Can You Leave a Union and Come Back?

For many public employees, including public school teachers, being part of a union is a significant aspect of their professional lives. Unions advocate for their members’ rights, negotiate collective bargaining agreements, and work towards improving workplace conditions. However, there might come a time when a member considers leaving the union, possibly due to personal beliefs, financial considerations, or other reasons. But what happens if you decide to leave your union and later wish to return? This article explores the intricacies of leaving and rejoining a union, with a particular focus on educators.

The Decision to Opt Out

Choosing to leave a union is a personal decision that can be influenced by various factors. Some members might opt out due to financial reasons, such as the need to save on union dues. Others might disagree with the union’s stance on certain issues or feel that their personal beliefs are not aligned with the union’s actions.

“If you work for a local, state or federal government entity – a public school district, city hall, a state agency or another government body – you have the right to decide whether you want to be a member of a union at your workplace. If you decide union membership isn’t for you, then you are not obligated to pay the union at your workplace any kind of dues or fees.” — Liberty Justice Center

Opting out of union membership is not merely a financial decision but a profound statement of individual autonomy and belief. Many choose to leave their unions due to ideological differences, dissatisfaction with union policies, or the desire to reclaim control over their professional career.

“At its core, [Janus] is about ensuring that workers have a choice and their voices are heard. Everyone should have the freedom to decide whether to pay a union, and no one should fear losing their job for exercising that choice.” — Steve Delie, attorney and director of labor policy at the Mackinac Center for Public Policy

The Implications of Leaving

Leaving a union can be liberating, offering a sense of independence and the satisfaction of aligning your professional affiliations with your personal beliefs. However, it’s important to fully understand the implications:

  1. Financial Independence: Leaving a union means reclaiming your dues, providing financial relief and the freedom to allocate your hard-earned money as you see fit, rather than contributing to a collective pot used in ways you might not support.
  2. Professional Autonomy: Without union constraints, public employees, including teachers, can negotiate their contracts, advocate for their interests, and make career decisions based on personal merit and preferences.
  3. Ideological Alignment: For some, departing from a union can align with broader political and social beliefs, emphasizing individual choice and responsibility over collective action.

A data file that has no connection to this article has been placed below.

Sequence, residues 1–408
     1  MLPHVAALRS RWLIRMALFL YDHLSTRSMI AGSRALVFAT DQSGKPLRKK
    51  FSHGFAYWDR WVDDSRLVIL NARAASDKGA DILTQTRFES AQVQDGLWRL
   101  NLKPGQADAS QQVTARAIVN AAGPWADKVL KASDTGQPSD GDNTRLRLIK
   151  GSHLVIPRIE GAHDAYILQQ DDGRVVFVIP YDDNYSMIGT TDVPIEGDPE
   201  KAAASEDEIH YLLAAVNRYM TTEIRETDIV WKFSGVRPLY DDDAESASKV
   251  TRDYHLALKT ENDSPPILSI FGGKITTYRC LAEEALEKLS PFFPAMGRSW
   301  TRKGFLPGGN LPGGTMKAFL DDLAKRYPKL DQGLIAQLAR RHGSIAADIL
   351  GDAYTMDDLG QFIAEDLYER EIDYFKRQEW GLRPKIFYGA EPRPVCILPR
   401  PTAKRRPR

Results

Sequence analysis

“Public sector workers have a constitutional right to not join a labor union. They cannot be discriminated against for that choice. If you choose to resign your membership, you cannot lose pay or benefits or be harmed by your employer for making that choice.” — Jarrett Skorup, Mackinac Center

Can You Leave A Union and Come Back?

Whether you can leave a union and later rejoin depends on several factors including the specific union’s rules, the labor laws in your state, and the policies of the workplace.

  1. Union Bylaws: Every union has its set of rules governing membership. These bylaws outline the process for leaving the union and the conditions under which a member can reapply. It’s important to familiarize yourself with these rules before making any decisions.
  2. Labor Laws: The legal landscape in your state plays a significant role. Labor laws vary widely and can affect your rights and obligations regarding union membership and rejoining after leaving.
  3. Collective Bargaining Agreements: For public school teachers, the terms of the CBA might have specific clauses about union membership, including implications for those who leave and wish to return.
  4. Workplace Policies: Some educational institutions might have their policies regarding union membership, which could impact your ability to rejoin after leaving.

If you decide to rejoin your union, the first step is to review the union’s bylaws. There might be a formal reapplication process, which could include:

  • Filling out membership application forms
  • Paying any back dues or fees to rejoin
  • Meeting specific criteria laid out by the union

The nature of your workplace can also affect your decision. In a closed shop, union membership might be a condition of employment, making the process of leaving and rejoining more complex. In an open shop environment like public school systems, where union membership isn’t mandatory for employment, rejoining might be more straightforward.

Before making any decisions, it’s essential to weigh the pros and cons of leaving the union and to consider the long-term implications of your decision. Seeking advice from labor law experts, exploring alternatives to union membership, and talking with your colleagues can provide valuable insights.

The bottom line

As a public employee considering your union membership, the decision to leave is a profound step towards personal freedom and professional autonomy. This choice can align with your principles of individualism and fiscal responsibility, opening the door to a more engaged and personal approach to your career and contributions to public service. Navigating these complex considerations, it’s crucial that your decision to join or leave a union reflects your deepest values and convictions, free from external pressures, and aligns with what you believe is the best path forward in your professional life. Remember, every situation is unique, and what works for you might not be suitable for someone else.